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Re: email check

by bronto (Priest)
on Jul 19, 2002 at 09:39 UTC ( [id://183172]=note: print w/replies, xml ) Need Help??

in reply to email check

As told by others, you should check the RFC or the module, or the module code. Anyway, if you are reinventing the wheel to learn something new, I'll tell you how I'd do it in the simplest case:

First of all, there should be just one "@", and if you want to avoid source routing you should also be sure there are no "%" on the right of the @.

you should check that there actually are characters before the @

top level domain should be two, three or four alphabetical chars (or you should get a list of TLD and check for them; guess how -hint: use an hash).

you should really have something more than only a top level domain on the right of @: a dot must be there, and there should be at least one alphanumeric character (plus the "-") between @ and the dot

Last but not least: no spaces are allowed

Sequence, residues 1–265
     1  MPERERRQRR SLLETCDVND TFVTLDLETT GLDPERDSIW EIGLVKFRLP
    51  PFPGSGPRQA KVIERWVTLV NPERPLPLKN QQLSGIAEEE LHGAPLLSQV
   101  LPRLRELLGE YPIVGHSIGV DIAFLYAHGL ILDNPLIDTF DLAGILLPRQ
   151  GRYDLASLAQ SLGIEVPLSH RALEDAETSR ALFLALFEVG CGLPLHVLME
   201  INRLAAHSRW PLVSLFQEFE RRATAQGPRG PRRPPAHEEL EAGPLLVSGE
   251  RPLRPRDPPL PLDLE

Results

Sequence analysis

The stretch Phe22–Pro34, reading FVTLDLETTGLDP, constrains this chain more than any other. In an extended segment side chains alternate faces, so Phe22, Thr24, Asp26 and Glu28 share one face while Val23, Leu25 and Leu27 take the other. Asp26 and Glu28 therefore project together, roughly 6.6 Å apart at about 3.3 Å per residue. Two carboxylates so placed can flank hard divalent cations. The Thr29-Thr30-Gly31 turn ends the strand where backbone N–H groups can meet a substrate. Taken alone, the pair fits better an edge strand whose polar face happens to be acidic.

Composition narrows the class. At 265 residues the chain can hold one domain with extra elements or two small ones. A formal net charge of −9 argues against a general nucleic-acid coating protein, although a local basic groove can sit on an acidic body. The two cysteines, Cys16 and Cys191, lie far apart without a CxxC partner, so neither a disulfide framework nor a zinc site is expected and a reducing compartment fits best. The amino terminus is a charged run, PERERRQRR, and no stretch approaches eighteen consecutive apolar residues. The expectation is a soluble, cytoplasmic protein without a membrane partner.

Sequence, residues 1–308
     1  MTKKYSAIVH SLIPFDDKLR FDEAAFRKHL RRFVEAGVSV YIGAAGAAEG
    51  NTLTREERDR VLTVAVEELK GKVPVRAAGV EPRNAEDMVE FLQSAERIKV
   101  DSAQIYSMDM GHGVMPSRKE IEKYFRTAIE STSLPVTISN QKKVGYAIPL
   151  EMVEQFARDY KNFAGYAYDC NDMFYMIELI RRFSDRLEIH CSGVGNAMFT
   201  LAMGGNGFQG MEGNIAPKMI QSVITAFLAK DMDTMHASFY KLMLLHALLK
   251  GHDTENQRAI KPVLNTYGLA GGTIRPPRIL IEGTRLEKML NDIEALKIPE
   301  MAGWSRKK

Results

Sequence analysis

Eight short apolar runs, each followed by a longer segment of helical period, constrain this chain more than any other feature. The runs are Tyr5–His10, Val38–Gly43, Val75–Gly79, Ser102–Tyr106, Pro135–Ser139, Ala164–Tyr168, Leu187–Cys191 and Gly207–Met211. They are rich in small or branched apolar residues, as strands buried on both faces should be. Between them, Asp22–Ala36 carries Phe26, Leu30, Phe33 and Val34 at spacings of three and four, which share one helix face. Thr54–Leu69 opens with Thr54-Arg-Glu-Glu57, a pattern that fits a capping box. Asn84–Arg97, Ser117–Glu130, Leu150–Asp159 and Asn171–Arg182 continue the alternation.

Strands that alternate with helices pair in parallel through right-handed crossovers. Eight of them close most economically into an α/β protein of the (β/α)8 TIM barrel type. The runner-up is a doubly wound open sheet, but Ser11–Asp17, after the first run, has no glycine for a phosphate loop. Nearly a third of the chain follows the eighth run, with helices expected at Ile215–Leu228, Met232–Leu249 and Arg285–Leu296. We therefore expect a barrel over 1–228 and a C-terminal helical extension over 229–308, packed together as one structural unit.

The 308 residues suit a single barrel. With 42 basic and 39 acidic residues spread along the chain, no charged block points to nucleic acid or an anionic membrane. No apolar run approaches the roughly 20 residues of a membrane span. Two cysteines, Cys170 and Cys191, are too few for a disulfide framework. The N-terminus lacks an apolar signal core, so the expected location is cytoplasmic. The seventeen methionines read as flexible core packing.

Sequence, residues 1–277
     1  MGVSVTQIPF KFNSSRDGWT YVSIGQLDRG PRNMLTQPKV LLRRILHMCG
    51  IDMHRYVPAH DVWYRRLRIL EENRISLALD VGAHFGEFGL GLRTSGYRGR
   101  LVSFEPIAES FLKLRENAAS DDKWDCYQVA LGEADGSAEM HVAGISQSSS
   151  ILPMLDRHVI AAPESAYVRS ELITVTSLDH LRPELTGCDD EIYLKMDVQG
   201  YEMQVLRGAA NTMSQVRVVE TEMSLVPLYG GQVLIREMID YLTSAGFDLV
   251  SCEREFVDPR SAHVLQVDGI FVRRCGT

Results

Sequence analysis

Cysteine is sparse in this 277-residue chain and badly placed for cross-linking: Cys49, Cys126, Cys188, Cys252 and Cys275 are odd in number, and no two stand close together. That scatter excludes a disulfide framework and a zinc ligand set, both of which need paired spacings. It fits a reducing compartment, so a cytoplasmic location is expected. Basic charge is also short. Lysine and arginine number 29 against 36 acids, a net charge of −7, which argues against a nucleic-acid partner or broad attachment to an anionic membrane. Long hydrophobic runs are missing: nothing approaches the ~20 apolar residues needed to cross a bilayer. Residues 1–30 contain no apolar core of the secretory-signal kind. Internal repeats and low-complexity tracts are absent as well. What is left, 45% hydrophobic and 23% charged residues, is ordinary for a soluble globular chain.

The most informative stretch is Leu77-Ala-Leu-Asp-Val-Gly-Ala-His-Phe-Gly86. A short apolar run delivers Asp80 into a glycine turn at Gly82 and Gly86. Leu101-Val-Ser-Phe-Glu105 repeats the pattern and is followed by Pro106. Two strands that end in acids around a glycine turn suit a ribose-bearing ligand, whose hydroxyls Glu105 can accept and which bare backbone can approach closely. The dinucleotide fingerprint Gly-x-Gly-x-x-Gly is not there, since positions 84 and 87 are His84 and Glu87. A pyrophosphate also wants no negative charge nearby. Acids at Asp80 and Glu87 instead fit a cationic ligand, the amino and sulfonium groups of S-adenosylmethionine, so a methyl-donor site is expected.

So, a regexp could be:

use strict ; use warnings ; my @addresses = qw( me@here me@here@there@everywhere why@ ; foreach (@addresses) { print "$_ is " ; print /^\S+\@([a-z-]+\.)+[a-z]{2,4}$/ ? "GOOD!!!" : "bad" ; print "\n" ; }

This yelds: is GOOD!!! me@here is bad me@here@there@everywhere is bad why@ is bad is bad

Please remember this is only the simplest case!!!, mail addresses syntax is far more complicated than one would expect reading common addresses. The best way to understand it is to try to write a spam filter for personal use :-)

Have fun!


# Another Perl edition of a song:
# The End, by The Beatles
  $you->take($love) eq $you->made($love) ;

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